Harrison W. is currently a junior at SYA France and a blogger for the Campus Reporter program. He comes to SYA from Phillips Academy in Massachusetts.
As the train rolled out of the Rennes station, I knew I had embarked on an incredibly enriching two-week break. Passing through the countryside of Brittany on our way to Paris, I bid farewell to the familiar. Arriving in Paris, I felt still a degree of acclimation to the city, unaware of the big change I had yet to experience.
Only four hours later, I exited the SNCF train into Marseille, somewhere completely foreign. My first glimpse of the south of France and....it was cloudy. Our thirty-something group meandered outside the train station with our belongings. I took a glimpse of the city line to my left, and astonished, gaped at the sprawling metropolis now in view. The buildings were different, or rather, a blend of various French styles of architecture. In the south, clothing was left on balconies to dry.— impossible in Rennes. From there, we got on a bus to go to our hotel in Carry-le-Rouet, just outside of Marseille.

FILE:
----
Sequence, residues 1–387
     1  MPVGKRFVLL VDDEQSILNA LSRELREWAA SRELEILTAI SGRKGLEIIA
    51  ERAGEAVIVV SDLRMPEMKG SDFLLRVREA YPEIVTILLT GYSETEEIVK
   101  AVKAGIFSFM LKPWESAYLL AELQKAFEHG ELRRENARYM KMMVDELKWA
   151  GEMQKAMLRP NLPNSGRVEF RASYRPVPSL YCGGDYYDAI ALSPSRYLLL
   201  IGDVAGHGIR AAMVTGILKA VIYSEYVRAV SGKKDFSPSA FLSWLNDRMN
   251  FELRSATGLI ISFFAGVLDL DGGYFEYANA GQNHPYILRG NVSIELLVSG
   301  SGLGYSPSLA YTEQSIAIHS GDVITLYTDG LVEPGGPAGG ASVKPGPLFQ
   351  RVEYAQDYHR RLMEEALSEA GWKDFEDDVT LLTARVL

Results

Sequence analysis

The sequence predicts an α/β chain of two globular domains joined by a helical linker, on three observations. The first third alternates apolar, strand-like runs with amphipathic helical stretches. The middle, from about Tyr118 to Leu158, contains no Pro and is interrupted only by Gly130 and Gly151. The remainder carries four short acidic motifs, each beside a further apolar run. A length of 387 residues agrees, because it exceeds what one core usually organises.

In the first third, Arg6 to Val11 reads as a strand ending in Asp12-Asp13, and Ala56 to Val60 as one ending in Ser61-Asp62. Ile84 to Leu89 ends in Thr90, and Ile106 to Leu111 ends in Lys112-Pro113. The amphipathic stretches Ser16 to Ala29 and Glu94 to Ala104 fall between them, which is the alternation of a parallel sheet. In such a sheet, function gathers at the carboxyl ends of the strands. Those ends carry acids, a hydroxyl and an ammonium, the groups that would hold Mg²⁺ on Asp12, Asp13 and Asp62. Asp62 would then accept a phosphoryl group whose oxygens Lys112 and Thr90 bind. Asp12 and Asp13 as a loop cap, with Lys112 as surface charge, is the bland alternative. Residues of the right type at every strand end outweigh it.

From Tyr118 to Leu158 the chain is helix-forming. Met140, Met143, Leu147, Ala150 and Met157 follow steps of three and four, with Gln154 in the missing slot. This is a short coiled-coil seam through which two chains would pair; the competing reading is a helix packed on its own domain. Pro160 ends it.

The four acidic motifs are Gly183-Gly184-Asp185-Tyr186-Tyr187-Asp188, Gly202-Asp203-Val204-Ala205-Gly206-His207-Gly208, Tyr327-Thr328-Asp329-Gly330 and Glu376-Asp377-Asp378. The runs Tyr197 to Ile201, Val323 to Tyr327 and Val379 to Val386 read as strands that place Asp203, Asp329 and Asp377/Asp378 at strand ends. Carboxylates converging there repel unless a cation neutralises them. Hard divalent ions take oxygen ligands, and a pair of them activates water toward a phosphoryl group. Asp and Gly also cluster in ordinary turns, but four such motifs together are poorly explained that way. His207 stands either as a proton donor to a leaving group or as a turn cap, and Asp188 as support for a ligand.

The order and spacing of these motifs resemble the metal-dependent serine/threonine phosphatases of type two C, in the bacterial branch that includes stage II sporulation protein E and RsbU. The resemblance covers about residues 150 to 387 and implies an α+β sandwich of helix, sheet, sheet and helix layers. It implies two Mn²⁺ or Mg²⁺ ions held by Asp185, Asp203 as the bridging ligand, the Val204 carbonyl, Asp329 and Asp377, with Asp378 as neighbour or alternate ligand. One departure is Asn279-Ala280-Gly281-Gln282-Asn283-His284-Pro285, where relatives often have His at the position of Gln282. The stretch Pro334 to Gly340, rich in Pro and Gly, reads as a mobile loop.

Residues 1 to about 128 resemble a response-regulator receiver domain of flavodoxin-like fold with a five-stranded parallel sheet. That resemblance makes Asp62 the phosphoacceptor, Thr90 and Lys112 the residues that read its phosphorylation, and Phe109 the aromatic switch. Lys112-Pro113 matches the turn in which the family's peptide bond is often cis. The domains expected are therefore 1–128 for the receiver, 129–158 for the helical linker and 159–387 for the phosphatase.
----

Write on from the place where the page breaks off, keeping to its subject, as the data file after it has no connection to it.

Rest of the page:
Fast forward 24 hours, and our group arrived in Marseille proper. The cacophony of sensory input deluged my senses. Buildings and urban structures had a maritime feel in their structure, color, and ornamentation. In all honesty, the buildings’ vibrant colors surprised me — distant from the bleak austerity of Breton architecture.
The people of the region of Marseille also have a different accent. They tend to have more nasal sounds in their pronunciation. This difference was a reminder that all languages have their own nuances based on region.
Throughout our trip the weather has been spectacular! Outside of Marseille, the Calanque National Park was an amazing day trip. The day began with a hike beneath the brilliant sun along the Mediterranean coast. The afternoon, we went into the town of Cassis. If you ever find yourself there, I must insist trying the ice cream! Every shop here has unique flavors — try them all.
As SYA begins to draw to a close, I take note of the fleeting moments. Remembering experiences depends on being present, and I intend to be for this last stretch.
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